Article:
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Digital Exposure Handbook (Revised Edition) Paperback – 7 Apr 2013
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About the Author
Ross Hoddinott is one of the UKs leading natural history and landscape photographers. He is the author of five photography books and a multi award winner. Ross has been working as a full time professional since 1997, supplying imagery and undertaking commissions for a wide range of publications and clients. Based in the South West of England, Ross is best known for his intimate close-up images of nature, and for evocative landscape photographs. He is a member of the 2020VISION photo team and co-runs Dawn 2 Dusk Photography. Ross has authored or co-authored five other books on photographic technique, including The Landscape Photography Workshop, The Wildlife Photography Workshop and Digital Macro Photography.
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Top customer reviews
Ross states that exposure sorts the hobby photographer from the professional. Knowing that even some enthusiasts find difficulty with what seems like a complex subject, Ross has tackled exposure step by step to unravel the mysteries.
Ross enables the reader to understand the basics and how to apply them to achieve creative results. Each chapter is well illustrated with examples. He shows how lifeless a wrong exposure can look and how to bring your photos to life by getting the exposure right. He looks at under and over exposure and their effects, uses and how to correct them.
He shows you how to work with light and how to use flash effectively. He also demonstrates the use of digital filters and polarizers. He finishes by showing how to enhance your photos in software programs. Ross Hoddinott says exposure is 'the heartbeat of photography' and Ross certainly has his finger on the pulse. These professional hints and tips from are easy to understand. This is a handy, practical and invaluable guide to digital exposure.
This book is truly superb! Having been badly 'burned' by believing reviews and purchasing Michael Freeman's 'Digital SLR Handbook' which has *no detail* on exposure at all I took a lot of time and care to select a good book on exposure - as this is the 'beating heart' of potography.
As it lacks the 'look inside' feature of it's two main rivals I'll start with an overview of content and then move on to comparative reviews with these two 'rival' publications:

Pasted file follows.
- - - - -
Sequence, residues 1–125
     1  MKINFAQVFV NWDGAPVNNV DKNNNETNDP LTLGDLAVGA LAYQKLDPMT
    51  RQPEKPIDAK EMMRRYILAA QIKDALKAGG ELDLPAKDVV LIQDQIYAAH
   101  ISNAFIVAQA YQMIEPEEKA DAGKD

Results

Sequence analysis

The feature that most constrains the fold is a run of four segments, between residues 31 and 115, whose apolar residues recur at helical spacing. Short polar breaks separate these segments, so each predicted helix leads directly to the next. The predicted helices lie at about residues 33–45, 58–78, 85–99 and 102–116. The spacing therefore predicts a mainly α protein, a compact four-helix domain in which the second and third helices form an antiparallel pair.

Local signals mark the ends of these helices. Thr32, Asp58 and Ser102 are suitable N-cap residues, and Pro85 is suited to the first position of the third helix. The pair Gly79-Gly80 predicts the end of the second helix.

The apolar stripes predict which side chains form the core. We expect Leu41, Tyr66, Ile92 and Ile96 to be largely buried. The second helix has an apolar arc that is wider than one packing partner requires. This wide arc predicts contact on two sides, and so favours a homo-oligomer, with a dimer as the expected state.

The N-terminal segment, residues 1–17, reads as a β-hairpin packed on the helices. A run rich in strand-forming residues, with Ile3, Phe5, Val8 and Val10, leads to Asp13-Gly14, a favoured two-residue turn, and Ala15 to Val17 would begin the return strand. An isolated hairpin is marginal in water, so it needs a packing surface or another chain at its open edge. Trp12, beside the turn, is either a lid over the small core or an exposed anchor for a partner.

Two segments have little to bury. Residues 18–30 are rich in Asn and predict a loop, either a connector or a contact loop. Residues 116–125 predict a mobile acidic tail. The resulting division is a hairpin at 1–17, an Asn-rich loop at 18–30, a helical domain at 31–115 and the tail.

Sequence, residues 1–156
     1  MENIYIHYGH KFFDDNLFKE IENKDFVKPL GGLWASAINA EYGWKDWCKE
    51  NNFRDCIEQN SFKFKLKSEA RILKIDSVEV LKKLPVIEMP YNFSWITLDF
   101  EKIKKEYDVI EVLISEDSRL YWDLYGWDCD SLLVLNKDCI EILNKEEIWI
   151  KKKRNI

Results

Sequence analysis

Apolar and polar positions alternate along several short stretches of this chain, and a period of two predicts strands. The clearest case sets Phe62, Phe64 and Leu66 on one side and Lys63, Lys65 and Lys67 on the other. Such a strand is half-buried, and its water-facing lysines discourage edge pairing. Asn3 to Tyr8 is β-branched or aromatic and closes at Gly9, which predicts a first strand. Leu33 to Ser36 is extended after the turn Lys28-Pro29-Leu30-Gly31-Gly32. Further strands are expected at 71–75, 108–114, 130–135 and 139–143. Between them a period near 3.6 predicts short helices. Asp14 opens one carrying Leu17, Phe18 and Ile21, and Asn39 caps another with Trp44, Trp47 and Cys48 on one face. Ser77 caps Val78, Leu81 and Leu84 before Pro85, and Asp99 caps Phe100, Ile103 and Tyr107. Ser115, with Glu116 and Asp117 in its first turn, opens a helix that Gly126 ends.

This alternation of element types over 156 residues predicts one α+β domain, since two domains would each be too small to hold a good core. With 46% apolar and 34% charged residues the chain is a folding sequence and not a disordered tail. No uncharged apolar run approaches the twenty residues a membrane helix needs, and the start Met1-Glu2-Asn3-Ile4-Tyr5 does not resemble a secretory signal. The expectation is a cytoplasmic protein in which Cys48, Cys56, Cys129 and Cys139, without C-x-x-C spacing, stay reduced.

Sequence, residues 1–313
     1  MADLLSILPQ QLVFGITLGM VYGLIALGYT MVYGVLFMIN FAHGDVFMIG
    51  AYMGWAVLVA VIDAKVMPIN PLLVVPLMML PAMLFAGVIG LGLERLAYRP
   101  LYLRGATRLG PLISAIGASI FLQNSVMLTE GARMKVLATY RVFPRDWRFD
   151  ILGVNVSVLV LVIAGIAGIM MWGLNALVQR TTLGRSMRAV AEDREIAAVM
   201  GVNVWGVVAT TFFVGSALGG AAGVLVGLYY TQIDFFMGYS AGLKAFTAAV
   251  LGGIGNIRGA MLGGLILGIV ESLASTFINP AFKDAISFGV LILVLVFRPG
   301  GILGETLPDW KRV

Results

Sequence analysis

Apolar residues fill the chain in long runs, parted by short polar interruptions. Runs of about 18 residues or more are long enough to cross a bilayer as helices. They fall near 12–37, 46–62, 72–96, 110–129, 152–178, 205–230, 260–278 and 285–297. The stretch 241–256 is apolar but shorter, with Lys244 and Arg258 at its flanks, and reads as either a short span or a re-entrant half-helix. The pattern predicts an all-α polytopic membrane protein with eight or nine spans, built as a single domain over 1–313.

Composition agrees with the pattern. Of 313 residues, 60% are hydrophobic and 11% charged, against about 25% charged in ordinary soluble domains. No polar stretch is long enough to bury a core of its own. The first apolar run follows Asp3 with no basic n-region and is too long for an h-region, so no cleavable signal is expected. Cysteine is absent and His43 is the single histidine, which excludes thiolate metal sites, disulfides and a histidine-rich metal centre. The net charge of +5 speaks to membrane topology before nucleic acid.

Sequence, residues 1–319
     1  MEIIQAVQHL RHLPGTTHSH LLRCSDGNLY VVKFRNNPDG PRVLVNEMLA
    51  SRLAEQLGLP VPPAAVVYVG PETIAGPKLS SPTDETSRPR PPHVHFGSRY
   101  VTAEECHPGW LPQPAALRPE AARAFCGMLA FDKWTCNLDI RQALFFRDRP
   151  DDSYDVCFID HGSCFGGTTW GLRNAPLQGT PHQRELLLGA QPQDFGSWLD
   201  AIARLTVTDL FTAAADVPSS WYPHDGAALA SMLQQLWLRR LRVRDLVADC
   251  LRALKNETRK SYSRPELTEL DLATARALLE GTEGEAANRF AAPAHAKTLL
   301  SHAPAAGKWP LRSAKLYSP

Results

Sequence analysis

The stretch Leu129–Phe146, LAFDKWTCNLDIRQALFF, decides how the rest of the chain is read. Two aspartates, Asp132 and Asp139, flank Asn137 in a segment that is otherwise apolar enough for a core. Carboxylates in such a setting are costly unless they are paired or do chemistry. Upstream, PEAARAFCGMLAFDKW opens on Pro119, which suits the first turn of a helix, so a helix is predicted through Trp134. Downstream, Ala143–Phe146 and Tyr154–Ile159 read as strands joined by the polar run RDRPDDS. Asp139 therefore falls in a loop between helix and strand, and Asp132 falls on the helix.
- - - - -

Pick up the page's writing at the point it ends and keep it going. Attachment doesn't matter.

Quite small sized, well bound and sturdy cover.
Introduction (clear, simple, 5 pages)
1 - The Baics Of Exposure (explains the triangle, good tips and clear explanations) p13-68
2 - Exposure In Practice (different scenarios with tips and help e.g. architecture, people, close-up) p69-100
3 - Ambient Light (Direction, silhouette, white balance) p101-120
4 - Flash Light (different settings, front-and-rear curtain etc) p121-144
5 - Filters (short and good into to key filters e.g. ND and polarising) p145-163
6 - Exposure in Digital Darkrooms (Brief photoshop tools overview and usage e.g. curves, dodge-and-burn, HDR intro and printing) p163-167
That's the summary of contents - all of which is laid out in clear double-page speads with lcear text, helpful tips and lots of (but not too many) photos illustrating each point.
IN COMPARISON WITH OTHER BOOKS ON EXPOSURE
Having taken time to read and look at its two main rivals - Bryan Peterson's 'Understanding Exposure' and Peter Cope's 'Digital Photographer's Guide to Exposure' I feel I can compare this book to them with some confidence.
By comparison with Peterson's book 'Understanding Exposure' this is much more up-to-date and focused on digital SLR's rather than a hybrid of film and digital. More importantly though Ross Hoddinott's style is clear, simple, warm and jargon-free which compares to the jarring jokes, 'humour' and patronisingly simplistic terms Peterson's uses.
By comparison with the (also-excellent) book by Peter Cope (Digital Photographer's Guide to Exposure) I think this book has a few key advantages. It's binding is sturdy and the size is better for carrying around with you in a camera bag. Also the photo's are by Ross, which limits the style and subject matter a little (though he still has great illustratons and examples for the in practice section) however the REAL advantage and differentiator is the amount of information included with each picture. Not only are all the details of exposure settings included for *every picture* but also there are a lot of very useful juxtapositons of the same subject with two different settings showing the different effects and illustrating the differences or at times really emphasising that these are *effects* not 'right and wrong'.
A great book and having taken a LONG time to coose a good exposure book I'm really happy with this one which is up-to-date, clear, jargon-free and has key advantages over its rivals. I'd highly recommend this book, mastering exposure is the 'beating heart' of digital photography and if you're a new DSLR owner I'd say it's a 'must buy' and for experienced DSLR users this book will have some useful information: most importantly it will inspire you to take pictures and learn.
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